December 31, 2018
Jankel ADLER
December 31, 2018

Michel ADLEN

SAKI (UKRAINE) 1898 – PARIS 1980

From 1915 to 1922, Michel Adlen took painting classes in Vienna where he exhibited for the first time. In 1923, he participated in several graphic art exhibitions in Berlin. That same year, he traveled to Paris and went through a brief Cubist phase in 1925. He acquired French nationality and illustrated various tales and novels from 1929. A lithography album prefaced by André Salmon was published in 1932.

In 1936, Adlen participated in the International Woodcut Exhibition in Warsaw. His engravings were purchased by the Moscow and Kiev museums as early as 1928. In 1937, he contributed to the journal Our Artists. In 1955, Armand Lanoux published a monograph on Adlen. An album of prints on the circus theme was published in 1960, entitled The Clown of Paris. In 1963, Pierre Mac Orlan prefaced his last album Ile-de-France. Michel Adlen painted Paris suburbs and city views. He died in his studio on January 21, 1980.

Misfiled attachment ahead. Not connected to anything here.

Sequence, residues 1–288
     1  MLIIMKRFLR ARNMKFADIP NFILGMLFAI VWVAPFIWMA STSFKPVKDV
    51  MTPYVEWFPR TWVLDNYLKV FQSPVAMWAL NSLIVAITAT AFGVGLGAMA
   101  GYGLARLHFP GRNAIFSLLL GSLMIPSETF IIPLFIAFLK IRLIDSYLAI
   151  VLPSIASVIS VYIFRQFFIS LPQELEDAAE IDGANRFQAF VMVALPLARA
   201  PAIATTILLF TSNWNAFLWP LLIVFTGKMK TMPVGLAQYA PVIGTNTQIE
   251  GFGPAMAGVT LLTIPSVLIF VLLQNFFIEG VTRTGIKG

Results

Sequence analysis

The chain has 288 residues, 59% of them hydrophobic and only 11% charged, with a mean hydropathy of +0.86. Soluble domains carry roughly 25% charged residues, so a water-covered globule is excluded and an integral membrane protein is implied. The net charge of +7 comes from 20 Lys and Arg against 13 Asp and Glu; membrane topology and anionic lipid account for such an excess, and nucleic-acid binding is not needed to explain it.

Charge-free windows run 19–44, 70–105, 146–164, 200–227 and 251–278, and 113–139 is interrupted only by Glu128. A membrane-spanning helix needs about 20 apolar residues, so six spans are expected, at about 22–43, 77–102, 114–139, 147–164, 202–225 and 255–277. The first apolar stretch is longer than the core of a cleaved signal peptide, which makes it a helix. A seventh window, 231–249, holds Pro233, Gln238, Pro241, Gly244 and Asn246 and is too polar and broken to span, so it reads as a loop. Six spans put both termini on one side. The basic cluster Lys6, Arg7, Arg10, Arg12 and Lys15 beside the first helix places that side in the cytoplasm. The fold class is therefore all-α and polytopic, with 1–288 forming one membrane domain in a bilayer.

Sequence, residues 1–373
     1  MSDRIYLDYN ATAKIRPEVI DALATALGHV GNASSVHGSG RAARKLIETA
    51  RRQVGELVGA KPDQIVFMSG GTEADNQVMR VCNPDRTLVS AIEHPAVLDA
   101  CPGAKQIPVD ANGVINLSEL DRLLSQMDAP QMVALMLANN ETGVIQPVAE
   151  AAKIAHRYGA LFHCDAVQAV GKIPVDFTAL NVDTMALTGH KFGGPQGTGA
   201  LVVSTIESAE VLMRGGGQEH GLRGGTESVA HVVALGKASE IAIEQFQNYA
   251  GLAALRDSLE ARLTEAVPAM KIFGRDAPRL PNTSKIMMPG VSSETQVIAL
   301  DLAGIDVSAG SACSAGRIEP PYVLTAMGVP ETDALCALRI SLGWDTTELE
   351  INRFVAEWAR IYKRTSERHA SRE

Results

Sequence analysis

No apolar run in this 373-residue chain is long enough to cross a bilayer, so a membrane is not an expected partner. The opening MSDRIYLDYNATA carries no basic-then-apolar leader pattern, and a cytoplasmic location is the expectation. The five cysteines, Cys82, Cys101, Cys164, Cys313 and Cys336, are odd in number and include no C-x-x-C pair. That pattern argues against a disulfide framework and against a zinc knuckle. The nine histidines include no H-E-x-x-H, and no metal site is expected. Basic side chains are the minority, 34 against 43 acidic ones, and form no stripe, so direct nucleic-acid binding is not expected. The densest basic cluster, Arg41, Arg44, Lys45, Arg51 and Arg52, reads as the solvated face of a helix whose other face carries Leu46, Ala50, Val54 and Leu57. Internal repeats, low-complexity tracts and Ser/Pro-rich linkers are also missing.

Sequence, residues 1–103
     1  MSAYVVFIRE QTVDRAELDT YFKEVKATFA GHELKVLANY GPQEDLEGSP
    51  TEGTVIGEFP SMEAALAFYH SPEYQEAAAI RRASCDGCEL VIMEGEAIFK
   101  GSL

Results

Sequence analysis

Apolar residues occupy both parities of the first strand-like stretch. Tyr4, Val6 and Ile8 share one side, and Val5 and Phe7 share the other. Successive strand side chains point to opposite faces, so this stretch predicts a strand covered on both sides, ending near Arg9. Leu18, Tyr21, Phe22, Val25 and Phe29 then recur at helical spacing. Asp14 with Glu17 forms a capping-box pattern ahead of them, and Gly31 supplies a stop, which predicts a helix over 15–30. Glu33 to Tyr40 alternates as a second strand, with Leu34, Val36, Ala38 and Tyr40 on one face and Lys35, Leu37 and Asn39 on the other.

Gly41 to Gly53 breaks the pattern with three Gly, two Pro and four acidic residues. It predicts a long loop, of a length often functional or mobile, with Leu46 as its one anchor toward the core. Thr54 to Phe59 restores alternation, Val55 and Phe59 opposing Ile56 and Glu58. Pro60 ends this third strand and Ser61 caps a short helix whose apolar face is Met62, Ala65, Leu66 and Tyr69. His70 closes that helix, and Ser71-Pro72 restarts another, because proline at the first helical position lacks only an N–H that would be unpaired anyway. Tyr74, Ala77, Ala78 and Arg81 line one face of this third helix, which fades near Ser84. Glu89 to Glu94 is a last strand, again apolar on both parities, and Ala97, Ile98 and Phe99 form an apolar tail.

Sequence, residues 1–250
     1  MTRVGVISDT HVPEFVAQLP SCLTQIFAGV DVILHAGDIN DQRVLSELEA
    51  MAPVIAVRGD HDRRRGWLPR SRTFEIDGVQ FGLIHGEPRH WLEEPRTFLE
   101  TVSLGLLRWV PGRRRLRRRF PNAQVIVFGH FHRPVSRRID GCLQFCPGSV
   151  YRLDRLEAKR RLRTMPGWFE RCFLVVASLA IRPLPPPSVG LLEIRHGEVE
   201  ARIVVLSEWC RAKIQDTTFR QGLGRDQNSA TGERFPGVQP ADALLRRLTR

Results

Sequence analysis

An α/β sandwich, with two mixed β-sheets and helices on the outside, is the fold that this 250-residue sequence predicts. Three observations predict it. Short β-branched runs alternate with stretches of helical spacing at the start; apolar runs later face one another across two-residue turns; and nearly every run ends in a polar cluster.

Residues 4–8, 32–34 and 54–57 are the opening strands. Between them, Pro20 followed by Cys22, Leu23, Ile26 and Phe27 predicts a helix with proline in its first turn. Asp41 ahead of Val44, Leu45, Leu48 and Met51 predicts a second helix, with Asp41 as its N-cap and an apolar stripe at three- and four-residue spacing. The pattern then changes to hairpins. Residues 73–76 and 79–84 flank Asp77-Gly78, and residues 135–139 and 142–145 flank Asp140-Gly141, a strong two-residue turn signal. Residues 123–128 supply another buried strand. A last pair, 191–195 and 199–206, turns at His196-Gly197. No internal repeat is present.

Stories of Jewish Artists of the School of Paris 1905-1939


Capitale des arts, le Paris des années 1905-1939 attire les artistes du monde entier. De cette période de foisonnement, un terme est resté, celui d'Ecole de Paris, qui recouvre une grande diversité d'expression artistique. Dans ce brassage dont Montparnasse est le creuset, un groupe se distingue : celui des artistes juifs venus de Russie, de Pologne et d'Europe centrale. Si leurs styles sont variés, un destin commun les rassemble : ils fuient l'antisémitisme de leur pays d'origine. Certains ont connu la célébrité dès les années 1920, tels Soutine, Lipchitz ou Chagall. D'autres n'ont pas eu le temps ou la chance d'y accéder. Près de la moitié a péri dans les camps de concentration nazis.

From 1905 to 1939, Paris attracted artists from all over the globe as the capital of the art world. This period of artistic proliferation became known as the School of Paris, and includes a great diversity of artistic expression. Within the teeming art world centred on Montparnasse, one group set itself apart: Jewish artists from Russia, Poland, and Central Europe. Although their styles were diverse, they shared the common fate of fleeing anti-Semitic persecutions in their home countries. Some became famous in the 1920s, such as Soutine, Lipchitz, and Chagall, while others did not have the time or the luck to gain renown. Nearly half of these artists died in Nazi concentration camps.